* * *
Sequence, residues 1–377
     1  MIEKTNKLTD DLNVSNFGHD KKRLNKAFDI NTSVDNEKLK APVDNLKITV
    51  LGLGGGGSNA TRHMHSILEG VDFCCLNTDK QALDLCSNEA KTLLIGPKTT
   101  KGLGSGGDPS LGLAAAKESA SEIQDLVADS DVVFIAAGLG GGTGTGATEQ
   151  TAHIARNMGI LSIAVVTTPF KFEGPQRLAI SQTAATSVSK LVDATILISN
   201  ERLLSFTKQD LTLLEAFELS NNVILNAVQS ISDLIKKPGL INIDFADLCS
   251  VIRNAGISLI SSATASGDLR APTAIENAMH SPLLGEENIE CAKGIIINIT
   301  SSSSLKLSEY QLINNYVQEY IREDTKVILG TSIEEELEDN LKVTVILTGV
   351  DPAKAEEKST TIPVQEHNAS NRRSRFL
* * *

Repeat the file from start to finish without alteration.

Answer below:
Sequence, residues 1–377
     1  MIEKTNKLTD DLNVSNFGHD KKRLNKAFDI NTSVDNEKLK APVDNLKITV
    51  LGLGGGGSNA TRHMHSILEG VDFCCLNTDK QALDLCSNEA KTLLIGPKTT
   101  KGLGSGGDPS LGLAAAKESA SEIQDLVADS DVVFIAAGLG GGTGTGATEQ
   151  TAHIARNMGI LSIAVVTTPF KFEGPQRLAI SQTAATSVSK LVDATILISN
   201  ERLLSFTKQD LTLLEAFELS NNVILNAVQS ISDLIKKPGL INIDFADLCS
   251  VIRNAGISLI SSATASGDLR APTAIENAMH SPLLGEENIE CAKGIIINIT
   301  SSSSLKLSEY QLINNYVQEY IREDTKVILG TSIEEELEDN LKVTVILTGV
   351  DPAKAEEKST TIPVQEHNAS NRRSRFL